An intelligent system to handle pages. No touch. No remote. No pedal. No voice. It’s like a magic show.
What is TelliTurn?
TelliTurn lets you turn digital or printed pages with facial cues.
You simply give a facial cue, and TelliTurn turns a page either forward or backward on a digital device or with a physical robot. It has a very small footprint and is very easy to carry around and set up.
- TelliTurn is reliable and durable
It detects facial cues in real time with adjustable sensitivity. TelliTurn only responds to specified facial cues with extensively tested algorithms. The breakthrough permanent roller technology of the robot allows turning of more than 500 pages before a simple cleaning is needed.
- TelliTurn is adjustable and programmable
The actions of the robotic arm can be programmed by its user. The length and position of the arm can also be adjusted. Sensitivity to facial cues can be adjusted by users to account for difference among individuals.
- TelliTurn is for people from all walks of life
TelliTurn is for anyone who needs to handle documents while their hands are occupied for other tasks. They include medical workers, lab workers, musicians, teachers, chefs, readers and more.
- TelliTurn is an assistive technology to increase accessibility for people with physical disabilities
It allows individuals with reduced mobility of limbs to handle pages easily. Future development of TelliTurn will enable them to navigate computers using just facial cues.
- TelliTurn works from near and far
Its working range depends on the capability of the camera on the device. With a relatively new digital device, the working range can easily reach above 15 feet. This allows users freedom for other tasks.
This patent pending technology depends on deep learning based computer vision to detect human faces and locate facial features. Human facial cues are detected as specific changes in facial features. These cues are used to generate commands to execute tasks with a digital or physical robot.
- Evolution of TelliTurn
TelliTurn started with the idea to make a hands free robot. In stage I, a vibration sensor attached to a user was planned to be used to produce signals for a robot to turn printed pages. After extensive testing, this approach was not pursued further and I decided to use facial cues as the signals to turn pages. A controlling software needed to be developed to detect and analyze facial cues and to send corresponding commands to the robot. At this stage, I also decided to develop page turning applications for digital media. I subsequently developed such applications for both Android and iOS systems. As shown in stage II, an application was used to detect facial cues and control the robot. In stage III, I packaged all components into a sealed box to give the system a streamlined look. In stage IV, I further reduced the footprint of the robot by placing it behind the surface of a music stand, leading to the corresponding changes on the robotic arm which now has an elbow connector. In stage V, the page pickup pad was replaced with a roller for smoother actions. In stage VI, a longer elbow connector was made so that the length of the arm and the vertical position of the roller is adjustable.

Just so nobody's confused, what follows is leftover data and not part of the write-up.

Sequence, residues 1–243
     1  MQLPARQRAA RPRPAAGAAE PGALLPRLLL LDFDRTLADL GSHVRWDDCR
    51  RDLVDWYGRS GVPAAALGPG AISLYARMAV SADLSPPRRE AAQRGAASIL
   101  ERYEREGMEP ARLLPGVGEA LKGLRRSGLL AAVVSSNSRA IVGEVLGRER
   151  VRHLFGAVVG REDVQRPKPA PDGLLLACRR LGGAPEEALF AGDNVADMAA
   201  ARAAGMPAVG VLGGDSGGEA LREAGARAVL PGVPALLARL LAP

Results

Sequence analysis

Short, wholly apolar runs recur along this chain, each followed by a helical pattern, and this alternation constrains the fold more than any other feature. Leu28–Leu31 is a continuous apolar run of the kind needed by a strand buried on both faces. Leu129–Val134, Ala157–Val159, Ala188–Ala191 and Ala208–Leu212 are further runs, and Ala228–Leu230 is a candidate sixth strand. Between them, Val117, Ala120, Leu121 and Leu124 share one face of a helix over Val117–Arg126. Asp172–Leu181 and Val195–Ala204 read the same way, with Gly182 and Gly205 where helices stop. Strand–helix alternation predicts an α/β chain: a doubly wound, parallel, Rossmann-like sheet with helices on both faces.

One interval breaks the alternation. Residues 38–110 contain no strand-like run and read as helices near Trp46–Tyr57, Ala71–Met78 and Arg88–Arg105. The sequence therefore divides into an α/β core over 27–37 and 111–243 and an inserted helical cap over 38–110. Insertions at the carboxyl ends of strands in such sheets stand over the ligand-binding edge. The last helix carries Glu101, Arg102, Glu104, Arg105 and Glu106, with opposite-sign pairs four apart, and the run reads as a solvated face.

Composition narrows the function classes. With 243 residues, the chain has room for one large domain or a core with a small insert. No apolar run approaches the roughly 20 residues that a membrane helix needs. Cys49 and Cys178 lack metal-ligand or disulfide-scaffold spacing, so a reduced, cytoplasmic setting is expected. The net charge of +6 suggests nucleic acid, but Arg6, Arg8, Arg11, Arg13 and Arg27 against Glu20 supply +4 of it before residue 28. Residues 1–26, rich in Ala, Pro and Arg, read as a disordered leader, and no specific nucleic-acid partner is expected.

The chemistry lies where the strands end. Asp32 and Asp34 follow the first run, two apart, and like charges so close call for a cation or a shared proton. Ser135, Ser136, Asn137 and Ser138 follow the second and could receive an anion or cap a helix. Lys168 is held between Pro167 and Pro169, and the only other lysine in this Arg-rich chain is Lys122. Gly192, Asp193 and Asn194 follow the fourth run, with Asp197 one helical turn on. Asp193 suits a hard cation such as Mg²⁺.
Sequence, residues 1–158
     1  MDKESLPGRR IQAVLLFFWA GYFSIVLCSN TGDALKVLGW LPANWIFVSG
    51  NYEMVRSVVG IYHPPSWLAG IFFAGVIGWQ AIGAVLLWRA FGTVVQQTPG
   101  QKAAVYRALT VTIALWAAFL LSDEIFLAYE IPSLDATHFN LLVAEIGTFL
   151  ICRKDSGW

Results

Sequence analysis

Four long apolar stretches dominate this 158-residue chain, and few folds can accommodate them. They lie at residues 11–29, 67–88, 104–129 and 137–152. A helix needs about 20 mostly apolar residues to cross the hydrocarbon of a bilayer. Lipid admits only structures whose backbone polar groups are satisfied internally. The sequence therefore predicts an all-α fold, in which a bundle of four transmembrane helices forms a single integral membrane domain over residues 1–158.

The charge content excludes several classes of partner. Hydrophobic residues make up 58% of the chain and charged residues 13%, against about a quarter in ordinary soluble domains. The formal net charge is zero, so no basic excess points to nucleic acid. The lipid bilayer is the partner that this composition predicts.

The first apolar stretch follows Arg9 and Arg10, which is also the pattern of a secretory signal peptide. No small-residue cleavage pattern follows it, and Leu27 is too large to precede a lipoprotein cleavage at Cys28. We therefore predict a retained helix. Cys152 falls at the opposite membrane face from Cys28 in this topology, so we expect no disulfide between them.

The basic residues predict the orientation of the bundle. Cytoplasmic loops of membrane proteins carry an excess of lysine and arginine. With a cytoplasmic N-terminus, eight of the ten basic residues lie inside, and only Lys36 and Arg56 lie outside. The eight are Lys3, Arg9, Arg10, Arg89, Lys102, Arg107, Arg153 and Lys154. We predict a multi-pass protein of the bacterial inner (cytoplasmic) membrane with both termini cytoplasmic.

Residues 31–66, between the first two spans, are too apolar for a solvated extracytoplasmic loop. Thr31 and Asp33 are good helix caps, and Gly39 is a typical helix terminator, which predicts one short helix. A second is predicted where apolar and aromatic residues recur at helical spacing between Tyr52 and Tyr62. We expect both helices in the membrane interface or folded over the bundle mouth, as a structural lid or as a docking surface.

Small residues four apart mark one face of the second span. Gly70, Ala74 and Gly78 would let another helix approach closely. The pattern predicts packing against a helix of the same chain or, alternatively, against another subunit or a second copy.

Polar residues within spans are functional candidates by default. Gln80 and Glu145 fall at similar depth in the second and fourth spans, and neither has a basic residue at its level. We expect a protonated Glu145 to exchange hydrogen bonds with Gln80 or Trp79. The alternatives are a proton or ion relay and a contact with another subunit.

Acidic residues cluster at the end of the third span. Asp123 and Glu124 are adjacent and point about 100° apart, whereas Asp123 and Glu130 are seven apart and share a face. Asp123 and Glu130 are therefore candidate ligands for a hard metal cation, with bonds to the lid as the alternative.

- What’s next for TelliTurn Technology
I envision that an integrated camera on the robot will further simplify the setup and reduce its footprint. On the digital media aspect, I plan to extend the capability of TelliTurn to other manipulations such as computer navigation.
- Project Cost
- Budget table
Timeline: When will I get one?
The project was conceived over a few years and the development plan was finalized in early 2018. Currently, I have working prototypes for the software and a robot. I am asking for your support to further this project. When the project is funded, I expect to have the production release of Android and iOS software in December 2020. With further improvement and refinement of the robot, I expect to finalize its design in March 2021 and production in June 2021. Your support for this project is critical to its smooth progress according to this timeline.
The TelliTurn People
I am deeply interested in applying modern technology in our daily life. Currently a freshman in high school, I have over 6 years of experience with robotics and computer coding. The progress of this project would have not been possible without the strong support of my parents, both financially and logistically. I would like to thank Mr. John DeLellis of Williamsville East High School for his support on 3D printing; Mr. David Strathern, Mr. Mark Doyle, and Dr. Ping Liang for their insightful comments; and others who helped with the project.
Working Prototypes and Testing
The following videos demonstrate the working prototypes of TelliTurn for both digital media and physical pages. I hope that they further convince you to back the project so I can bring it to the world to help others to turn pages.
This video shows the basic functionalities of TelliTurn Digital and TelliTurn Robot.
This video shows a real life example of using TelliTurn Digital in piano performance, pay attention to the page turning actions.
This video shows how to set up TelliTurn Robot to practice music: